Find a few special cases of wine – produced in a good year with limited availability – and suddenly you’re dreaming about a wine cellar. The last thing you’d want is to have those bottles turn to vinegar because they were stored improperly.
These days a home’s spirits storage can be rich with personality and constructed to reflect a homeowner’s design aesthetic, be it modern or rustic.
“Interest in wine and entertaining with it at home is very popular, so the concept of a wine cellar continues to grow,” says Robert Bass, co-owner of Kessick Wine Cellars in Greenville, S.C., a wholesale designer and manufacturer of wine rack systems for nearly 10 years.
A space dedicated to wine storage in the home used to be considered a status symbol for the few. But today, it can be simple or grand.
With better climate-control technology today, Bass discards old notions of an underground rock cave for wine storage. In fact, wine doesn’t even have to be housed in a basement to be stored properly. Even though many of the newer designs are not subterranean, they are still referred to as wine cellars.
“You need a room that is cool, dark and relatively humid to effectively store your wine,” he says. “Wine storage can range from a temperature-controlled closet fitted with a 50-bottle rack, located off the kitchen pantry, to a special glassed-in room that holds hundreds of bottles of wine, adjacent to a tasting room for parties.”
Ensuring a steady temperature is among the most important factors when storing wine.
“Fifty-five degrees is the magic number for optimal wine storage,” Bass says. “This is the temperature of a natural cave.”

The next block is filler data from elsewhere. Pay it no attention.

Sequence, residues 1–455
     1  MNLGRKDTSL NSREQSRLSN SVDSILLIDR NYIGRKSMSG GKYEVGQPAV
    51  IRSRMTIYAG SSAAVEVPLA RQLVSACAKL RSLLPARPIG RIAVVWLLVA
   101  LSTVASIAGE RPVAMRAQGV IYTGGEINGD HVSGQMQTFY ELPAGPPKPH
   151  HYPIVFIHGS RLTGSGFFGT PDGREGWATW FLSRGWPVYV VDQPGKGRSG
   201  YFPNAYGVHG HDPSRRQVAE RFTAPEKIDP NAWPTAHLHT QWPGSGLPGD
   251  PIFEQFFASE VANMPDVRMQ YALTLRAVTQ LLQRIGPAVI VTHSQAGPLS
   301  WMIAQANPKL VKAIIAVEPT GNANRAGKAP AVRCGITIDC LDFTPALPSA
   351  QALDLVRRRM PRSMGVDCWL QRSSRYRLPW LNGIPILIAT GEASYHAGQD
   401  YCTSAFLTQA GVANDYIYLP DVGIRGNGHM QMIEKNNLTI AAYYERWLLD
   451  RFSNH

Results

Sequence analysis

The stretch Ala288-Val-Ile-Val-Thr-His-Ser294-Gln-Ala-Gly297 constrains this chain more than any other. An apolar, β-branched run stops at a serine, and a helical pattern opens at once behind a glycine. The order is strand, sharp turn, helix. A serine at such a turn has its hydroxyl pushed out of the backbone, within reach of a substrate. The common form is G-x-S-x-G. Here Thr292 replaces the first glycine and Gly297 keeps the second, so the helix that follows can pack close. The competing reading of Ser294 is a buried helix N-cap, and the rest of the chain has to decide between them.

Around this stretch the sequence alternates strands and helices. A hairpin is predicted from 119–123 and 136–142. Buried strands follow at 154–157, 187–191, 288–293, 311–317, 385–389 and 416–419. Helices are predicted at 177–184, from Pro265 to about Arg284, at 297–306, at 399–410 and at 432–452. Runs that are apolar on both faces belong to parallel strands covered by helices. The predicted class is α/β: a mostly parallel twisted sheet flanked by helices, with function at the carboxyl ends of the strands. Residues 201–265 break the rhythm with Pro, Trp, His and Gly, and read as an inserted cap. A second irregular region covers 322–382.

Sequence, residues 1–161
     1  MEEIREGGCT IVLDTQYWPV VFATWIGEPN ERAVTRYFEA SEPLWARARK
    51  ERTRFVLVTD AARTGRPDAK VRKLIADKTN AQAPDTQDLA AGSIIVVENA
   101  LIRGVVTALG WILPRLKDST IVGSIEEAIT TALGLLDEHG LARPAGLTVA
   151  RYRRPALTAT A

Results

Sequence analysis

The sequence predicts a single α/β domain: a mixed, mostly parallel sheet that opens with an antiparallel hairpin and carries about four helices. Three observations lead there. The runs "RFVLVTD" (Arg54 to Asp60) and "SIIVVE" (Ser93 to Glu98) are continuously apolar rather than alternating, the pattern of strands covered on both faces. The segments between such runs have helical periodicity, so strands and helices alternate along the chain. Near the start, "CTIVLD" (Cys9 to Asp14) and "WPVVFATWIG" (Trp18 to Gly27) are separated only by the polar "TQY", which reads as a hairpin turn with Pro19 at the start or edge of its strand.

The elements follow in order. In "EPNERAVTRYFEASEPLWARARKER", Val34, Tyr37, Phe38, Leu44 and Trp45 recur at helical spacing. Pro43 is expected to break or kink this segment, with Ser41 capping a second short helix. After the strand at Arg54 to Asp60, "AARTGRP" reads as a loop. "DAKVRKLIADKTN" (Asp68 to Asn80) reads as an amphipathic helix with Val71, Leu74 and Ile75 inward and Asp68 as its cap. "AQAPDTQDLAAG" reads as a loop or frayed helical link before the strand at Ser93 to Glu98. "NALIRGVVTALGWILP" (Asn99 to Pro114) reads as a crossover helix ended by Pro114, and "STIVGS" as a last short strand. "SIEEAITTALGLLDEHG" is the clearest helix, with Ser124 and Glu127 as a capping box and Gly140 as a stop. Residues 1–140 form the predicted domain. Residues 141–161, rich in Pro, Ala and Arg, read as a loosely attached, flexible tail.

Any colder – like in a refrigerator – can cause a wine to go into a state of dormancy. A temperature above 75 degrees accelerates the wine’s aging process.
Fluctuations between warm and cold can cause wine to expand and contract, which then draws in air through the cork. This process, over time, causes the wine to oxidize and become undrinkable.
For optimal wine storage, an insulated room (or closet) should be constructed with a built-in air conditioner that will keep the temperature at 55 degrees. Prices for self-standing, temperature-controlled cabinets or credenzas made especially to store wine can start around $1,000, based on the design and the number of bottles it will hold.
Keeping the humidity level between 60 and 70 percent in your wine storage room or unit is also important, says Bass. Damp air keeps wine corks from drying out, which ensures a tight seal in the bottle. Storing a wine bottle on its side will also keep the cork moist inside the bottle.
A hygrometer is an instrument that measures a wine storage room’s humidity level. A humidifier can add moisture into the room, but Bass says to avoid an environment with 90 percent humidity, as this will cause mold to grown on the corks.
Wine is also light sensitive, so hot, glaring lights focusing on bottles in storage will actually age it faster. Instead, Bass has devised a wine storage system that most often uses Sapele mahogany wood racks – because of the wood’s durability and tendency to not mold in the humid conditions – outfitted with low-heat LEDs (light-emitting diodes).
“I have also designed a strong, angular stainless steel rod wine rack system – which has a more modern aesthetic – because fewer people want the old-world radius arches in their wine cellars,” he says.
Just as important as the wine is the chance to enjoy a favorite bottle in the comfort of your home, Bass said.
“A wine refrigerator is just an appliance, but selecting bottles from a wine cellar is meant to be an experience,” he says. “It’s very social to open up a bottle of wine and enjoy it with friends and family.
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